Does anyone really care about the housing market anymore? The banks and developers that got stuck care. But the public doesn’t and that’s something I like.
Figures released Wednesday by the U.S. Commerce Department show that sales of new homes fell 8.1% in October to an annualized rate of 283,000—close to a 47-year low. Existing home sales did just as bad. According to the National Association of Realtors, sales of existing homes in the U.S. fell 26% in October 2010 from October 2009.
What’s going on?
It’s very simple, and it is called the “herd mentality.” Buying houses is totally out of vogue. Rates for mortgages are near record lows, the government had an $8,000 first-time homebuyer tax credit (that has since expired), and banks stopped foreclosing for a while (because of state attorney investigations), reducing the supply of foreclosures coming onto the market—and homebuyers are still few and far between.
I remember quite well 1999 when everyone was buying tech-stocks. The market for tech-stocks collapsed in 2000. But the decade which followed brought some of the biggest gains from tech stocks in history.
In 2002, at under $300.00 U.S. an ounce, no one was interested in gold. Today, you’d have to pay $1,000 more to own an ounce of gold. Gold mining companies, which couldn’t raise a dime in the early 2000s, are the stock market darlings of today. Companies with no gold mine production, just reports saying they have found gold, are raising millions of dollars from investors again.
In March of 2009, the financial world was falling apart. Investors dumped their stocks in groves. Today, stocks are about 70% higher than they were in March of 2009. And retail investors, because of the herd mentality, have missed the boat again.
I’ve been a real estate man for almost 25 years. I’ve seen real estate booms and busts. But I’ve never lived through a bust like we have today. Housing prices in Florida are down about 47% from their peak, according to various published reports. Properties are being sold for well below replacement cost.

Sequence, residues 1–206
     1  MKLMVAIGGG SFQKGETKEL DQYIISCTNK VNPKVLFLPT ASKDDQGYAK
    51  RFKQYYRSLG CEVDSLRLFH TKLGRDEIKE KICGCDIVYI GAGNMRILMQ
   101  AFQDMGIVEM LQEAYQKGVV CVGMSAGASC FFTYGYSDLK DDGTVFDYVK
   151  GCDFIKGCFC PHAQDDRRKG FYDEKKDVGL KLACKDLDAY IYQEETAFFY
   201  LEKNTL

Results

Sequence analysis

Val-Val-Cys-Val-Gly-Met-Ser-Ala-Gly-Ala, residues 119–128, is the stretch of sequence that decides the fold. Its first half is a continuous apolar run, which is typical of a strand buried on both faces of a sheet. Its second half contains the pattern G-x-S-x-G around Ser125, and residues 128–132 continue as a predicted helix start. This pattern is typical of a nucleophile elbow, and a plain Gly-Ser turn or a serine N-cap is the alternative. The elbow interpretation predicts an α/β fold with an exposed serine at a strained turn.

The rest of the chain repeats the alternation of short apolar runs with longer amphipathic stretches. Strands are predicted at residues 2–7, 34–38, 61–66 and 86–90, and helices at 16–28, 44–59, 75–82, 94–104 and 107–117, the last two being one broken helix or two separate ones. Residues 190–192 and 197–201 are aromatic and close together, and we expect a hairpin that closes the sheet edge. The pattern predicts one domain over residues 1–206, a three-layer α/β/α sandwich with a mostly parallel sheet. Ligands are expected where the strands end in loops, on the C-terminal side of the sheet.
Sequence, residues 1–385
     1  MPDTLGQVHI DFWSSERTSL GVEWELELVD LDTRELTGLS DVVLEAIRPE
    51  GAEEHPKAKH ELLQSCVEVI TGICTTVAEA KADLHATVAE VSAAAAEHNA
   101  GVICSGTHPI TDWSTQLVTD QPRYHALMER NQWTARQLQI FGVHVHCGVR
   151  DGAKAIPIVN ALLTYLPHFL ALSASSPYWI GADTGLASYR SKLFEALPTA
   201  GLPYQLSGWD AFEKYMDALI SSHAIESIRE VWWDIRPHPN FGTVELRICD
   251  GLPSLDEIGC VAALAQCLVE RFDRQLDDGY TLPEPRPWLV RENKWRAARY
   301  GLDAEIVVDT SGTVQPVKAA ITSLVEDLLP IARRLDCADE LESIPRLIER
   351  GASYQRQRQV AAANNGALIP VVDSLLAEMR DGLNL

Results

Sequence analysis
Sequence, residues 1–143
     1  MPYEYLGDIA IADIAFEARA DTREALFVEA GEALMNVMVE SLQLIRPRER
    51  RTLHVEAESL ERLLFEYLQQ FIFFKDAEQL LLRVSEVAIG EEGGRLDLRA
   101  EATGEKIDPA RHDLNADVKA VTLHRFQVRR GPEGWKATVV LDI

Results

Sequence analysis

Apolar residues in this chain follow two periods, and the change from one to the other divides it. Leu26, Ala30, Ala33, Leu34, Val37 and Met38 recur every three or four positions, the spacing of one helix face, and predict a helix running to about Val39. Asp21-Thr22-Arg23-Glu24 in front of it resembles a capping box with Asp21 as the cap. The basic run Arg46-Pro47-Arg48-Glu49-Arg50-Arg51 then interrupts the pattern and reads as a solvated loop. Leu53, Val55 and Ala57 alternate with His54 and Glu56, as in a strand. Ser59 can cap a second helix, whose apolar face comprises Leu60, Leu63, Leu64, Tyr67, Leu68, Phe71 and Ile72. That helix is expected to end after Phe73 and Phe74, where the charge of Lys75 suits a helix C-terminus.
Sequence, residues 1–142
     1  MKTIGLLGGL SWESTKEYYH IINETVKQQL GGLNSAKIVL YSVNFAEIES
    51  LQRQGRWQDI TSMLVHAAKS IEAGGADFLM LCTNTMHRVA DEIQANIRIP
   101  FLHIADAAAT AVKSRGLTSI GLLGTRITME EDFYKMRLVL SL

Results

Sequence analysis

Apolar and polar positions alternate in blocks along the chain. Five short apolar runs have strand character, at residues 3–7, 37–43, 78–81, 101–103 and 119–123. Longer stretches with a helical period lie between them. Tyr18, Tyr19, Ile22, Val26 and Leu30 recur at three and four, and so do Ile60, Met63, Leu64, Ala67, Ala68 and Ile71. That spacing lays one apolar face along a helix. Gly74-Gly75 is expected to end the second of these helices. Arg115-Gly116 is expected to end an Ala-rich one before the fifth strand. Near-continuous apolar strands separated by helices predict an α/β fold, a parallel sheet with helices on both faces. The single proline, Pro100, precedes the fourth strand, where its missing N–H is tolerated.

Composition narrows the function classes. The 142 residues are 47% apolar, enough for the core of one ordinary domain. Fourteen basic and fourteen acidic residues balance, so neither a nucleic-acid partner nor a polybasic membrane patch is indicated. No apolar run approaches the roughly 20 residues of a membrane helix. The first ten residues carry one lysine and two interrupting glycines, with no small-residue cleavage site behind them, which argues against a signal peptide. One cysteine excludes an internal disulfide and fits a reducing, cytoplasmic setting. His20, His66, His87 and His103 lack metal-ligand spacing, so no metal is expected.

In my life, I’ve always made money betting against the herd mentality. While housing could have another 10% to 20% to fall, we are getting close to the bottom. Hopefully, you do not take this too generally, but the greatest fortunes in history have been made by buying when the masses are selling and selling when the masses are buying.
There is no doubt that 2011 will be a very challenging year for the economy. But it will also present an unprecedented opportunity for smart real estate investors who have the guts to go against the trend and buy. As ridiculous as it may sound today, 2011 will be a great time to buy property in the U.S.
Michael’s Personal Notes:
My co-editor Robert Appel recently had these wise words to say about the market and the economy, and I thought they were important to share with all my PROFIT CONFIDENTIAL readers:
“If this were an investment report written in Biblical Times, we would simply say ‘the market struggle-eth.’ After taking a mighty haircut from key resistance, as predicted, the stock market has a chance to base here. The Dow Jones Industrials may even (shockingly) retest 11,500 (or thereabouts) at some time.
“But our job is to be frank, and in 2011 we see more bad news than good. Especially in the bond pits.
“Because Bernanke seems to believe that the endless ability of the Mint to print money will enable him to stop yields from rising by the sheer force of his will. Just like King Canute tried to stop the tide from coming in.
“As impressed as we are by the amount of dollars the U.S. is minting—in the last four years, they took on more debt in the country’s entire history prior to that period—we think it is only a matter of time before reality intrudes.”
Where the Market Stands; Where it’s Headed:
Traders went into the U.S. Thanksgiving with fat stock portfolios. On Wednesday, instead of the market selling off, as traders often close their positions before a long weekend, the stock market rallied.
Let’s face the facts: if it were not for the pathetic housing market, the Dow Jones Industrial Average would be at a new all-time high. Corporate profits are strong, retail and big-ticket (car) sales are strong, interest rates are low and the money supply is easy. What else could a stock market ask for?
The bear market rally in stocks that started in March 2009 continues.
What He Said:
“Any way you look at it, the U.S. housing market is in for a real beating. As I have written before, in the late 1920s, the real estate market crashed first, the stock market second and the economy third. This is the exact sequence of events I believe we are witnessing 80 years later.” Michael Lombardi in PROFIT CONFIDENTIAL, August 27, 2007. “As for the stock market, it continues along its merry way oblivious to what is happening to homebuyers’ wealth. (Since 2005 I have been writing about how the real estate bust would be bigger than the boom.) In 1927, the real estate market crashed and the stock market, even back then, carried along its merry way for two more years until it eventually crashed. History has a way of repeating itself.” Michael Lombardi in PROFIT CONFIDENTIAL, November 21, 2007. Dire predictions that came true.